Plasma Levels of Tissue-Type Plasminogen Activator (tPA) in Normal Aging and Alzheimer’s Disease: Links With Cognition, Brain Structure, Brain Function and Amyloid Burden.
Auteur : Tomadesso C, de Lizarrondo SM, Ali C, Landeau B, MÃ©zenge F, Perrotin A, de La Sayette V, Vivien D, ChÃ©telat G
Année : 2022
Journal : Front Aging Neurosci 1663-4365
PubMed Id : 35747448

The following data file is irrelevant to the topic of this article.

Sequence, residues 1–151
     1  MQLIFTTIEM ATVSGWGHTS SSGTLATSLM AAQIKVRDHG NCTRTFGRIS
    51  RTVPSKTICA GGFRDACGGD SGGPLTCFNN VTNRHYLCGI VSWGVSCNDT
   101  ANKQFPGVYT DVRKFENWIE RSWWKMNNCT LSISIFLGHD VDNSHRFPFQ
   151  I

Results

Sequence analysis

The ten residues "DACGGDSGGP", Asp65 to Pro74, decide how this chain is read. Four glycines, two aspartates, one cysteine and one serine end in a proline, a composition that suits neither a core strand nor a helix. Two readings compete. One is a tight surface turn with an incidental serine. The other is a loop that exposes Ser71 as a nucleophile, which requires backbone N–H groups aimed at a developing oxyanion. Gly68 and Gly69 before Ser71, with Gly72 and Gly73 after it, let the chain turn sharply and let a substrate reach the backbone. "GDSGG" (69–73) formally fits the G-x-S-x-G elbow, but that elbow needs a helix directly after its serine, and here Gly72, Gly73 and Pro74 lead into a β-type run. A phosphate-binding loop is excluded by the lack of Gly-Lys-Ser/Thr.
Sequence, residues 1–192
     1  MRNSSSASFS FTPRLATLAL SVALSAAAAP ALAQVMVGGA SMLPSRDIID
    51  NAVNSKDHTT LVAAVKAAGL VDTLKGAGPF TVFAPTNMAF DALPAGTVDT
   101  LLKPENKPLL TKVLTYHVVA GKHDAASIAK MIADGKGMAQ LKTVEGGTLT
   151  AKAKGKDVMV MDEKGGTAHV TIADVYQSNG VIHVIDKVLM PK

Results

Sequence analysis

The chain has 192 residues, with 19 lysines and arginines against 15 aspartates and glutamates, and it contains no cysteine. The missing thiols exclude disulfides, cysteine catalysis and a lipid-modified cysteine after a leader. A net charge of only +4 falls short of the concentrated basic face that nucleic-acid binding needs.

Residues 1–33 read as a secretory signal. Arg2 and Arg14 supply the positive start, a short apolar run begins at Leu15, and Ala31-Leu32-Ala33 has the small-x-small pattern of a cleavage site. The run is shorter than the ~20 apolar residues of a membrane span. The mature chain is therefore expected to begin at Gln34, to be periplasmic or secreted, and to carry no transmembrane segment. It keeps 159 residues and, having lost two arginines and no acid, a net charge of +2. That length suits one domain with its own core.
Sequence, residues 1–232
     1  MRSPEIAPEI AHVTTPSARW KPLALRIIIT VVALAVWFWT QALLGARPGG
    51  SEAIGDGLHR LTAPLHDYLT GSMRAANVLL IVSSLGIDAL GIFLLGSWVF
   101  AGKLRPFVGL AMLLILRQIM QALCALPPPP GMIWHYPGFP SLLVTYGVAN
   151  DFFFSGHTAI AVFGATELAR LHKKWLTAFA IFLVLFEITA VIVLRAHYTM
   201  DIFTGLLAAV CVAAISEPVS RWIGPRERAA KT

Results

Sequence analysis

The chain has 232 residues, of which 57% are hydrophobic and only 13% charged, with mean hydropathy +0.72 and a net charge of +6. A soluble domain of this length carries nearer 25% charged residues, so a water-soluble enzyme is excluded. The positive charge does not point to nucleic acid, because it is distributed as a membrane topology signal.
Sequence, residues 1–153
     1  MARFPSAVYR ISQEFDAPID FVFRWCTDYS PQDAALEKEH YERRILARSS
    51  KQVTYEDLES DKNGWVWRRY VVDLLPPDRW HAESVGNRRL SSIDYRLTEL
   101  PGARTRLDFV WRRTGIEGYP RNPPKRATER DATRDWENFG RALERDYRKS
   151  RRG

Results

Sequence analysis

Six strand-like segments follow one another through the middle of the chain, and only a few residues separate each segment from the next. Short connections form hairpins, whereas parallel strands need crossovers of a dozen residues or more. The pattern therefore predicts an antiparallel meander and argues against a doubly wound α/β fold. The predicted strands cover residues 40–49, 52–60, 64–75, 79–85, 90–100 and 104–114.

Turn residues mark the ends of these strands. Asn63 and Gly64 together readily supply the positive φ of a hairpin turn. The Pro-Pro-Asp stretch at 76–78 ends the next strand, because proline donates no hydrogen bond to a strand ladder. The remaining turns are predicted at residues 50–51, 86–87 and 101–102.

Tissue-type plasminogen activator (tPA) is a protease known for its fibrinolytic action but is also involved in physiological and pathophysiological aging processes; including amyloid elimination and synaptic plasticity. The aim of the study was to investigate the role of tPA in cognitive and brain aging. Therefore, we assessed the links between tPA plasma concentration and cognition, structural MRI, FDG-PET and Flobetapir-PET neuroimaging in 155 cognitively unimpaired adults (CUA, aged 20-85 years old) and 32 patients with Alzheimer’s disease (ALZ). A positive correlation was found between tPA and age in CUA (p < 0.001), with males showing higher tPA than females (p = 0.05). No significant difference was found between ALZ patients and cognitively unimpaired elders (CUE). Plasma tPA in CUA negatively correlated with global brain volume. No correlation was found with brain FDG metabolism or amyloid deposition. Age-related tPA changes were associated to changes in blood pressure, glycemia and body mass index. Within the ALZ patients, tPA didn’t correlate with any cognitive or neuroimaging measures, but only with physiological measures. Altogether our study suggests that increased tPA plasma concentration with age is related to neuronal alterations and cardiovascular risk factors.